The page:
Franchisors and their advisers have reacted angrily to the recommendations from a South Australian parliamentary inquiry into the sector, claiming that no amount of disclosure will guarantee a franchise won’t fail.
The South Australian inquiry recommended improving disclosure regulations, dispute resolution and unconscionable conduct laws to protect franchisees from bullying and intimidation.
Deb Shugg, the chief executive of bookkeeping franchisor Award Group, says that while the entire industry was appalled by franchisee stories of unethical behaviour by franchisors, prospective franchisees need to exercise caution when entering any business venture, whether it is a franchise or not.
“Franchisees who believe that buying a franchise will indemnify them from the possibility of failure are seriously misled. So too are franchisees who base their decision to enter into a franchise agreement on emotional reasons, like their love for the product, brand or concept,” Shugg says.
“Nothing, not even greater disclosure, will protect a franchisee who joins a franchise for emotional reasons or who is unable to manage the daily pressures and challenges faced by all business owners.”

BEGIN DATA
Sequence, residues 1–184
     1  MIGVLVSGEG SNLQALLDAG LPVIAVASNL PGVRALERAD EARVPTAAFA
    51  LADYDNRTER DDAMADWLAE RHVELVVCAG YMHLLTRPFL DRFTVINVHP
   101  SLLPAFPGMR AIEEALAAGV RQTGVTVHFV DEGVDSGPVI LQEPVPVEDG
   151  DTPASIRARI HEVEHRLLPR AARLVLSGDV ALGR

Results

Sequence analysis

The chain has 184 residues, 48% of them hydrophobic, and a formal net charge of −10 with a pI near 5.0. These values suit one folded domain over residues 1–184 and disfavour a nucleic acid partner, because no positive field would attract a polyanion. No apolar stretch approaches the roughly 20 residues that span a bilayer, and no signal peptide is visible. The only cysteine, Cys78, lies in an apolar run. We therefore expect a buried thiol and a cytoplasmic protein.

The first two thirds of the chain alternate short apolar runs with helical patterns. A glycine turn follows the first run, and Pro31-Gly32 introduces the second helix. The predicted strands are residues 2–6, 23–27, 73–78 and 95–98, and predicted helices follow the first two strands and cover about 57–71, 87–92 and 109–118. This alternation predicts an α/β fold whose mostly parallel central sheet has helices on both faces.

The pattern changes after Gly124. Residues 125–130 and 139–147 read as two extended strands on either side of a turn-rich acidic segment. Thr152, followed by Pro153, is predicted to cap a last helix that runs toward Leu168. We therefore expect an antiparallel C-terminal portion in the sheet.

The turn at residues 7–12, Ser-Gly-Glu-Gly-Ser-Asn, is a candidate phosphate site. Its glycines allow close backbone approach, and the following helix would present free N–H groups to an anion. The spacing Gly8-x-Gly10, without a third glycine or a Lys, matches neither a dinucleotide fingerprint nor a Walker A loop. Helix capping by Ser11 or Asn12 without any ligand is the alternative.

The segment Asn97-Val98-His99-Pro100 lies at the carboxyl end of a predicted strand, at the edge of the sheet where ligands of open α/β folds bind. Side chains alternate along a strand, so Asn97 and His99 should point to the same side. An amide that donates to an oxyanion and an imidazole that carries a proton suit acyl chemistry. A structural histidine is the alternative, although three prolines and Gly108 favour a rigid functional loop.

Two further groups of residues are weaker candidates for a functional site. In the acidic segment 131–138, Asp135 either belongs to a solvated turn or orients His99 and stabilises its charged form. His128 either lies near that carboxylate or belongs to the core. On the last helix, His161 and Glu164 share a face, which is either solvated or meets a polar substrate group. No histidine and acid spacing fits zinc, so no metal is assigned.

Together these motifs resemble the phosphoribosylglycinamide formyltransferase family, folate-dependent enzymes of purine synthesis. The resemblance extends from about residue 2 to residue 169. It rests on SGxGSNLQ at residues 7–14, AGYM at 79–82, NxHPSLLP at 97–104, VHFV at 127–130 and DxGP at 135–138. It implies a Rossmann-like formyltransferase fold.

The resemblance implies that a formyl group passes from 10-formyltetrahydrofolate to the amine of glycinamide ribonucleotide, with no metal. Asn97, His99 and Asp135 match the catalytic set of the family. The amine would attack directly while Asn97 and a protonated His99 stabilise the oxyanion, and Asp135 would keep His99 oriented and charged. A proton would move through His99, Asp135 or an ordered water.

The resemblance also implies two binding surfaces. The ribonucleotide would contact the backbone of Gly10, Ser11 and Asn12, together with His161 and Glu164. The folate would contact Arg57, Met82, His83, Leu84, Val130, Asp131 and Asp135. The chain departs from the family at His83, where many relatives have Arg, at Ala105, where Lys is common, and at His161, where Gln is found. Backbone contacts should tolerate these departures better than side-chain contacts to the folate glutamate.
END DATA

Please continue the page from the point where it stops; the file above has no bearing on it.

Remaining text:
Adrian McFedries, managing director of franchising advisers DC Strategy, says regulators need to be careful about over-reacting to small number of rouge franchisors. “The sector already possesses a level of regulation that is second to none, and imposing more half-baked knee-jerk regulatory reactions to a few instances of bad practice is not healthy for the sector.”
Like Sugg, McFedries says franchisees need to take responsibility for their own decisions. “Personal responsibility is seemingly a dying species in Australia, and one can only shudder at the thought of a recommendation for a franchisor to identify the risks of failure. It is an absurd recommendation and classic theory is any business has risk and the existing requirement to seek independent advice reinforces the need for a non-emotional role within the franchise transaction.”
He is concerned that over-regulation may crush the sector. “The results of this inquiry pose a very real risk of franchising being restrained or held back in Australia, which has serious economic consequences. Too often it is forgotten that the alternative model of SME independent businesses has a 90%-plus failure rate in the first 18 months, significantly greater than franchising.”